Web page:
1. And, first, let us inquire, What is salvation? The salvation which is here spoken of is not what is frequently understood by that word, the going to heaven, eternal happiness. It is not the soul's going to paradise, termed by our Lord, "Abraham's bosom." It is not a blessing which lies on the other side death; or, as we usually speak, in the other world. The very words of the text itself put this beyond all question: "Ye are saved." It is not something at a distance: it is a present thing; a blessing which, through the free mercy of God, ye are now in possession of. Nay, the words may be rendered, and that with equal propriety, "Ye have been saved": so that the salvation which is here spoken of might be extended to the entire work of God, from the first dawning of grace in the soul, till it is consummated in glory.

2. If we take this in its utmost extent, it will include all that is wrought in the soul by what is frequently termed "natural conscience," but more properly, "preventing grace"; --all the drawings of the Father; the desires after God, which, if we yield to them, increase more and more; --all that light wherewith the Son of God "enlighteneth every one that cometh into the world;" showing every man "to do justly, to love mercy, and to walk humbly with his God"; --all the convictions which His Spirit, from time to time, works in every child of man--although it is true, the generality of men stifle them as soon as possible, and after a while forget, or at least deny, that they ever had them at all.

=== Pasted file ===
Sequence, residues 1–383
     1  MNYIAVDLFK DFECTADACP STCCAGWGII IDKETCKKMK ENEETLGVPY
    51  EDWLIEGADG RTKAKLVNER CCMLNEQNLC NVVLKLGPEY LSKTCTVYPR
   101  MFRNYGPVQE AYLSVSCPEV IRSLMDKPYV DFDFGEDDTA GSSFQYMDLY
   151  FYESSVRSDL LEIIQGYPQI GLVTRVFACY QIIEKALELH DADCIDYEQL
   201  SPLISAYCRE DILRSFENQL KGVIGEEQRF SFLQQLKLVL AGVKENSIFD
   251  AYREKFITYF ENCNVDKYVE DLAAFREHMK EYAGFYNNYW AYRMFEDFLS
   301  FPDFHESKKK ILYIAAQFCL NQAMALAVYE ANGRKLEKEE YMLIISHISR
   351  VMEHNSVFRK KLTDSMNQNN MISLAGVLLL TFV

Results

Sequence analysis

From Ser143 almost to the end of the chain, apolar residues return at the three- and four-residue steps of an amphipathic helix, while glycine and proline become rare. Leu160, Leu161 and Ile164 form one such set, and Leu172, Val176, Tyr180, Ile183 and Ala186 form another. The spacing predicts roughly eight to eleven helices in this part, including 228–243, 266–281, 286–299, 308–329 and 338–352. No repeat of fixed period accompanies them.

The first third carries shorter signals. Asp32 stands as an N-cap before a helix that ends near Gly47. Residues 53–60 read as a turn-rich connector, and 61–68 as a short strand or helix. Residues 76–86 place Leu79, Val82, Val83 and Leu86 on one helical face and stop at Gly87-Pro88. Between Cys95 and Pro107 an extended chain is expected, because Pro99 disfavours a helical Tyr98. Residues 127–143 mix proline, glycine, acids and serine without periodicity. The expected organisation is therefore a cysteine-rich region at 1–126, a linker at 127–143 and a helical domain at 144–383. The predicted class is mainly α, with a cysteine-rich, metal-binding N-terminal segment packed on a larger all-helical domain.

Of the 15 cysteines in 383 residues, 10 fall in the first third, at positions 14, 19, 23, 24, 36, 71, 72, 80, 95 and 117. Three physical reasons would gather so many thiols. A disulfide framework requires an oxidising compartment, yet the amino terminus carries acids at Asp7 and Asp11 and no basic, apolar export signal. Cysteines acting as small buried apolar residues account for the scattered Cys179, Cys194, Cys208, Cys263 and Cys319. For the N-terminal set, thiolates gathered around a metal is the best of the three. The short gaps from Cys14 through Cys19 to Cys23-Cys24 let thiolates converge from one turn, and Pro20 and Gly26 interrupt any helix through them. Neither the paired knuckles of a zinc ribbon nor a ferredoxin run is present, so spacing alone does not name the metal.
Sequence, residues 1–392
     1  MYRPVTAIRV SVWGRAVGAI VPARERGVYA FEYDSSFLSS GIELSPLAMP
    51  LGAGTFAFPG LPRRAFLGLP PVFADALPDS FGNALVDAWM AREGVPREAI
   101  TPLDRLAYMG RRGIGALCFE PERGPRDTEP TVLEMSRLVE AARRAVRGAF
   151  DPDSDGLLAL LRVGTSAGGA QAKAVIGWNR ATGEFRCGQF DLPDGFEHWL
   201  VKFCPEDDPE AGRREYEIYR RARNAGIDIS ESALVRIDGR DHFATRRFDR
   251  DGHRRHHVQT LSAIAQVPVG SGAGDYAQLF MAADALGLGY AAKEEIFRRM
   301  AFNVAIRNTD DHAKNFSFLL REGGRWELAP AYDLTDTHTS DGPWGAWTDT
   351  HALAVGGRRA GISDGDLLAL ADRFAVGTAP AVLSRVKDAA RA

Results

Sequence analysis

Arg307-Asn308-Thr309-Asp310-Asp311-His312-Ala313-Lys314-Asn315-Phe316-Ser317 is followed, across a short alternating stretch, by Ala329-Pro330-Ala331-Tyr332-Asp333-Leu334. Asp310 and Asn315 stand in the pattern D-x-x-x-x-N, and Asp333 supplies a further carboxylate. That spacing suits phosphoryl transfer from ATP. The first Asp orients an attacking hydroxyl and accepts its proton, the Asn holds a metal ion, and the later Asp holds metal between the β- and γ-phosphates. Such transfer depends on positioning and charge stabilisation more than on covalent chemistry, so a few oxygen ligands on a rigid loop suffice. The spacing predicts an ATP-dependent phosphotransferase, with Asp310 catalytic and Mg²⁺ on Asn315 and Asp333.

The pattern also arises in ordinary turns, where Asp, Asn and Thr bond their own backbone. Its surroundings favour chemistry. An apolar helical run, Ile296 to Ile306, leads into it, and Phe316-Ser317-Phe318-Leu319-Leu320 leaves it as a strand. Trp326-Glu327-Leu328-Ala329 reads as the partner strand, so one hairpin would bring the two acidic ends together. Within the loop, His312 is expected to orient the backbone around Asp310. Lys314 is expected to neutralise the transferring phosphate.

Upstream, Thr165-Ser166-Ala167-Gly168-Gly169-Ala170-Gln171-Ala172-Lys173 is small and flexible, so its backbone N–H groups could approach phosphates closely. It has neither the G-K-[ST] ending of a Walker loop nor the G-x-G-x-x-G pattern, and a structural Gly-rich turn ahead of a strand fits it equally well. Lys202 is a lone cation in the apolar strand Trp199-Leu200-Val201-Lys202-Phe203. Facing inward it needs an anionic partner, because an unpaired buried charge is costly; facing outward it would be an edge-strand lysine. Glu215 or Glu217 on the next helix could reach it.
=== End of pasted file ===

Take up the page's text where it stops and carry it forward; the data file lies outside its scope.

3. But we are at present concerned only with that salvation which the Apostle is directly speaking of. And this consists of two general parts, justification and sanctification.

Justification is another word for pardon. It is the forgiveness of all our sins; and, what is necessarily implied therein, our acceptance with God. The price whereby this hath been procured for us (commonly termed "the meritorious cause of our justification"), is the blood and righteousness of Christ; or, to express it a little more clearly, all that Christ hath done and suffered for us, till He "poured out His soul for the transgressors." The immediate effects of justification are, the peace of God, a "peace that passeth all understanding," and a "rejoicing in hope of the glory of God" "with joy unspeakable and full of glory."